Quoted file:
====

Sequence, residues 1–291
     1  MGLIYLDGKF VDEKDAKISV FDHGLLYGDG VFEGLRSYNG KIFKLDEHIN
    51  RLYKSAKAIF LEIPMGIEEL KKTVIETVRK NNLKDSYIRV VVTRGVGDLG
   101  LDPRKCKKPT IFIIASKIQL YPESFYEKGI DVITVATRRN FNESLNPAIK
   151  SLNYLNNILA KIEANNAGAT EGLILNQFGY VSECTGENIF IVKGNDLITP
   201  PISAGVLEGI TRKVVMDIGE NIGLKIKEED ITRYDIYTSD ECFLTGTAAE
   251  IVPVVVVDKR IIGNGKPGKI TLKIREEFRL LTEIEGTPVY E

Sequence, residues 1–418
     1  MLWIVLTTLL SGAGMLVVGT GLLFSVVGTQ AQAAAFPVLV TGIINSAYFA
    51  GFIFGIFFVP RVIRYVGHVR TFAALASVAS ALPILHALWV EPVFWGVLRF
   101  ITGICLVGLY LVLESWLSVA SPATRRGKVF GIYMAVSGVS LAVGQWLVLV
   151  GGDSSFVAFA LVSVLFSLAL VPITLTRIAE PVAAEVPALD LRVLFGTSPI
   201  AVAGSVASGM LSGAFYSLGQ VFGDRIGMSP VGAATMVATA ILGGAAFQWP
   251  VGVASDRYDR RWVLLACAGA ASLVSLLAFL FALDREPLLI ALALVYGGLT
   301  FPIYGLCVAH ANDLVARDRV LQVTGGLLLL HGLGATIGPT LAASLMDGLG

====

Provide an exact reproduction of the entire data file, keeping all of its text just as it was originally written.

Sequence, residues 1–291
     1  MGLIYLDGKF VDEKDAKISV FDHGLLYGDG VFEGLRSYNG KIFKLDEHIN
    51  RLYKSAKAIF LEIPMGIEEL KKTVIETVRK NNLKDSYIRV VVTRGVGDLG
   101  LDPRKCKKPT IFIIASKIQL YPESFYEKGI DVITVATRRN FNESLNPAIK
   151  SLNYLNNILA KIEANNAGAT EGLILNQFGY VSECTGENIF IVKGNDLITP
   201  PISAGVLEGI TRKVVMDIGE NIGLKIKEED ITRYDIYTSD ECFLTGTAAE
   251  IVPVVVVDKR IIGNGKPGKI TLKIREEFRL LTEIEGTPVY E

Sequence, residues 1–418
     1  MLWIVLTTLL SGAGMLVVGT GLLFSVVGTQ AQAAAFPVLV TGIINSAYFA
    51  GFIFGIFFVP RVIRYVGHVR TFAALASVAS ALPILHALWV EPVFWGVLRF
   101  ITGICLVGLY LVLESWLSVA SPATRRGKVF GIYMAVSGVS LAVGQWLVLV
   151  GGDSSFVAFA LVSVLFSLAL VPITLTRIAE PVAAEVPALD LRVLFGTSPI
   201  AVAGSVASGM LSGAFYSLGQ VFGDRIGMSP VGAATMVATA ILGGAAFQWP
   251  VGVASDRYDR RWVLLACAGA ASLVSLLAFL FALDREPLLI ALALVYGGLT
   301  FPIYGLCVAH ANDLVARDRV LQVTGGLLLL HGLGATIGPT LAASLMDGLG